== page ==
Club Commission sets the bar for in-class promotion

Club Commission sets the bar for in-class promotion

Nona Penner

 Promotion equality makes its way onto the club scene



Only if and when MVHS runs out of students, will clubs and their members cease to exist. Until then, clubs will always have a way to get to the student body and recruit.

There shouldn’t be too much worry, then, about Club Commission’s new policy stating that clubs can only promo in classrooms where the club and class subject are related. For some large service clubs such as Octagon and Interact, this initially proves a problem, since there often is not a defined subject for service clubs—even FBLA was impacted as it was denied promotion in Literature classes.

The million dollar question is whether or not this limiting promotional policy will drastically affect new membership.

Most likely? No.

Truth is, big clubs that have been around for a while will still see plenty of new members. Word of mouth among students is a pretty effective promotional device—and if that doesn’t do the job, Club Promo Day and its delicious counterpart are a very good Plan B. The critical part of Club Commission’s policy for clubs is knowing how to make the change advantageous. While clubs may lose the few people they reel in during in-class promotion, they can make up for it by increasing the use of school-wide announcements, posters, fundraisers and activities to promote and give students reasons to join. Events and fundraisers like the Interact Barbecue or Octagon Pie Toss that occur during the beginning of the year are excellent ways to broadcast a club.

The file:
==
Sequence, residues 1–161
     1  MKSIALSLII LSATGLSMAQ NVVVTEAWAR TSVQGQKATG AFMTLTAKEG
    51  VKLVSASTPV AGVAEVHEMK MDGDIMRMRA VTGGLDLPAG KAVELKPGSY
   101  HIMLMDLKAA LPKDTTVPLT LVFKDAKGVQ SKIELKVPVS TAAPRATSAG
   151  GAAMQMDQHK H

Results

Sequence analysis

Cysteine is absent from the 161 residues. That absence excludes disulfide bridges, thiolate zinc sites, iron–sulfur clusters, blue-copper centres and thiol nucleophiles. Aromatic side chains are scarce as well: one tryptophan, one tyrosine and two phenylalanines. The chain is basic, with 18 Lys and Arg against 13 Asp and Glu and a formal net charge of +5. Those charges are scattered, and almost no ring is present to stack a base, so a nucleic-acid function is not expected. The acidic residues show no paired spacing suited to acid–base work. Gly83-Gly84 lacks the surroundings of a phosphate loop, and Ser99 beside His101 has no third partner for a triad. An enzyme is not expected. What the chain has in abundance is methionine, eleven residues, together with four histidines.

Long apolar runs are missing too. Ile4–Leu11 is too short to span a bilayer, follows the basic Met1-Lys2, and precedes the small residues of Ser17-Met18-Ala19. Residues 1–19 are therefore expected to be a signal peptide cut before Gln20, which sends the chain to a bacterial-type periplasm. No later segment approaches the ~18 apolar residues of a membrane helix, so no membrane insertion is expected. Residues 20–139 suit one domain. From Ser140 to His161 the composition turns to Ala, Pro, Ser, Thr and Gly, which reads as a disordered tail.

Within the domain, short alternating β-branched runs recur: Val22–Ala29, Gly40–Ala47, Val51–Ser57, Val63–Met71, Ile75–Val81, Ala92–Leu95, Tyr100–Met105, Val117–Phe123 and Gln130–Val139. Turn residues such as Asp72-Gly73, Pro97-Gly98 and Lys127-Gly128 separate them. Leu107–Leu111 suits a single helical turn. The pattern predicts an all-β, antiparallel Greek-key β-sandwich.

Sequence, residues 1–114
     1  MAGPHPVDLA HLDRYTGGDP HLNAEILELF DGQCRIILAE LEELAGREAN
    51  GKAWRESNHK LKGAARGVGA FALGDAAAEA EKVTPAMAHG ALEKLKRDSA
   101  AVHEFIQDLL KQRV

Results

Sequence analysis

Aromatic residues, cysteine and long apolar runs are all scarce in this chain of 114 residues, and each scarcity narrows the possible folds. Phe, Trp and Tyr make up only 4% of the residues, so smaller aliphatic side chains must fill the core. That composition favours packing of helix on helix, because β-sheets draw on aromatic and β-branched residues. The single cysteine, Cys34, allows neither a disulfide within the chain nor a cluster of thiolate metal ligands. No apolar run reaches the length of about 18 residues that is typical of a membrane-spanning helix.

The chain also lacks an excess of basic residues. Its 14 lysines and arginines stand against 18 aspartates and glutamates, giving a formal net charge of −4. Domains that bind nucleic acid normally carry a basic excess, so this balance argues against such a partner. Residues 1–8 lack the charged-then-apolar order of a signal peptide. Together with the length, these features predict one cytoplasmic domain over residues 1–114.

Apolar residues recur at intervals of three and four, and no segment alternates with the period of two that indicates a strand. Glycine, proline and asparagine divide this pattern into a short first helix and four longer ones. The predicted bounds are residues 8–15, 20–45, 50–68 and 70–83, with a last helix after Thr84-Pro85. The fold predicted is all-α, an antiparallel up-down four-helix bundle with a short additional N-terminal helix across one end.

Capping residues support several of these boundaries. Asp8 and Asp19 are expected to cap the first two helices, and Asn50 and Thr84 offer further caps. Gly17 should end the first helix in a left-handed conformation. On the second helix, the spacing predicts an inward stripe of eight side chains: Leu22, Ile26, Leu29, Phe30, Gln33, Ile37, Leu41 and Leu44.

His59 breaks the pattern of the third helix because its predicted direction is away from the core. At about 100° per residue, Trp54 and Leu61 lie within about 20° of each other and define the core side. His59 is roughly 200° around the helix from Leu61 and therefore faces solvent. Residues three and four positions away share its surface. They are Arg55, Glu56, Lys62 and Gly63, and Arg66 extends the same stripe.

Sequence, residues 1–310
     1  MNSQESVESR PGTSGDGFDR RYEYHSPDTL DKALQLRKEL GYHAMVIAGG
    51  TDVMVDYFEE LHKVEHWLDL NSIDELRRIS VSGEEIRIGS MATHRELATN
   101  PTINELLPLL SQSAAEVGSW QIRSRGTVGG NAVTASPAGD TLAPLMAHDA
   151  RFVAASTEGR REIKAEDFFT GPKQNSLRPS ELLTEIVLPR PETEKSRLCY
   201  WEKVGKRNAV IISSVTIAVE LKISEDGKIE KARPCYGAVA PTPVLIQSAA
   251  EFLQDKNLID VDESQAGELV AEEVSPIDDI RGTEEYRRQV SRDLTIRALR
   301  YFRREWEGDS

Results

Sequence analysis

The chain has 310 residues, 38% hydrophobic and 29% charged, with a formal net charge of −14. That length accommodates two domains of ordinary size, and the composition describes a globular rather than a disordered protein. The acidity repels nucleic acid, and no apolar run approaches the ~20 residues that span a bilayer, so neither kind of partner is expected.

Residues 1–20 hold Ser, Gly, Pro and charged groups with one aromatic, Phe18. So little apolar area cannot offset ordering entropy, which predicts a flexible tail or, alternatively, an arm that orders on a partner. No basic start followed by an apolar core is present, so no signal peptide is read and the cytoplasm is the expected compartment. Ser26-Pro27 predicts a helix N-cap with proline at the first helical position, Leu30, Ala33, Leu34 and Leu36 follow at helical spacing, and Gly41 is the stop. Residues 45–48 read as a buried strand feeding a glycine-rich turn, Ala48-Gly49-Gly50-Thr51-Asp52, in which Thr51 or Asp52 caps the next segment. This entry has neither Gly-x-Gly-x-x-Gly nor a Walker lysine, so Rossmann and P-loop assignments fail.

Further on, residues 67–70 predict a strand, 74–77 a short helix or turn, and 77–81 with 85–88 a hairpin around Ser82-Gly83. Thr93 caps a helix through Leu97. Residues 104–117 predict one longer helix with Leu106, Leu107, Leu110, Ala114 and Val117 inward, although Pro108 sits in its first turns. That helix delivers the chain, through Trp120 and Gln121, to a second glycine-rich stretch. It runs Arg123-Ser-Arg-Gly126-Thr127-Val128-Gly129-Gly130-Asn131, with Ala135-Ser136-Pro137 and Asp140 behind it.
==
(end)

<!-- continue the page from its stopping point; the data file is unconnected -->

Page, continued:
Clubs aren’t being forced to forfeit promotion—quite the opposite—the new policy will drive clubs to promote more now that they aren’t able to fully depend on in-class promotion.

With the policy, every club is affected in the same way, though some clubs will inevitably be at a disadvantage without an extensive member base to help with promotion. However, the policy itself is objective and does not favor older, newer, more active or larger clubs over others.

In the end, clubs that are meant to succeed—clubs that have officers that know to use all opportunities available to them despite Club Commission closing some previously available doors — will get members. Inefficient clubs won’t. Being resourceful and planning around this change will be a rewarding approach, and that is what clubs need to do instead of worrying about having empty meetings.